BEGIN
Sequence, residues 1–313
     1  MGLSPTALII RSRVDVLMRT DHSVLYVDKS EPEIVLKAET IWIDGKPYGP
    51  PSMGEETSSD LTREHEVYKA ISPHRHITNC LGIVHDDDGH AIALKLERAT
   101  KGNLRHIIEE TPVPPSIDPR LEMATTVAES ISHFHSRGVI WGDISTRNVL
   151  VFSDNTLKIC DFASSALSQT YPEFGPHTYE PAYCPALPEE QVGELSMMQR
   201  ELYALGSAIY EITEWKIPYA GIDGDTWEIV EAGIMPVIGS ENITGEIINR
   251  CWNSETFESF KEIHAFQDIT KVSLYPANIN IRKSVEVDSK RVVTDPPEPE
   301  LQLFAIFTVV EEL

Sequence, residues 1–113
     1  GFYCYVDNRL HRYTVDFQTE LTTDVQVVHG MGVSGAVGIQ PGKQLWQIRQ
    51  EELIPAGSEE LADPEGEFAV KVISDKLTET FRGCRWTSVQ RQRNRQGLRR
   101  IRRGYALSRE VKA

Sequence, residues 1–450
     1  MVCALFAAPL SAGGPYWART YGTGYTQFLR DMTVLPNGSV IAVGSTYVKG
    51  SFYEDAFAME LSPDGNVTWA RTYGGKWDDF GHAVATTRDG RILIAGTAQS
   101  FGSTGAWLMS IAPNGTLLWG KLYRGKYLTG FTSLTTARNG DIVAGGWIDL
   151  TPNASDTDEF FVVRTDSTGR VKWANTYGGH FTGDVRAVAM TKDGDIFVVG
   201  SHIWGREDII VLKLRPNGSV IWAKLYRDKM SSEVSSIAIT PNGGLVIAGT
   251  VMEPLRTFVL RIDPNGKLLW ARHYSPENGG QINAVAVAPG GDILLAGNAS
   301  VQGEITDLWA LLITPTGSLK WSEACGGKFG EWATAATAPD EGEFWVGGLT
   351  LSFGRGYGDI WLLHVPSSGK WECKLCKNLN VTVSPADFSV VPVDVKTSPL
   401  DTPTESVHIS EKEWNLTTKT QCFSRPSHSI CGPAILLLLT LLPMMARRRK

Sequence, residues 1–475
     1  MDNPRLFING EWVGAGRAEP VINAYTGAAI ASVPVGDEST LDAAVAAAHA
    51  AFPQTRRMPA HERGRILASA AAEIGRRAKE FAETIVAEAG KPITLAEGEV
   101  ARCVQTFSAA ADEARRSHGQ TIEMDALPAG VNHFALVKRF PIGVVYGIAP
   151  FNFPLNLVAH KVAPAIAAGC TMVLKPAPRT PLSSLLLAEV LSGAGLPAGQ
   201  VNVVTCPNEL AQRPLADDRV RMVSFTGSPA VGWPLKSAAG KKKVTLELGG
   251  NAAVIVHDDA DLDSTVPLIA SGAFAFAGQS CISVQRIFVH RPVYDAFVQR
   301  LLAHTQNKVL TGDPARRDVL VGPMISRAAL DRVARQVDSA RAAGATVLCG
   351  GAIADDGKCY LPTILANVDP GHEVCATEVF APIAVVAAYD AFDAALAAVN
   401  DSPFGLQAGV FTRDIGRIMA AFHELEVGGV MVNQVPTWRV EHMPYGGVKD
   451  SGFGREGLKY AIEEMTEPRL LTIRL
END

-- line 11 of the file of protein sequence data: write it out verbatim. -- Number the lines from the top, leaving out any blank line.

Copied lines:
    51  EELIPAGSEE LADPEGEFAV KVISDKLTET FRGCRWTSVQ RQRNRQGLRR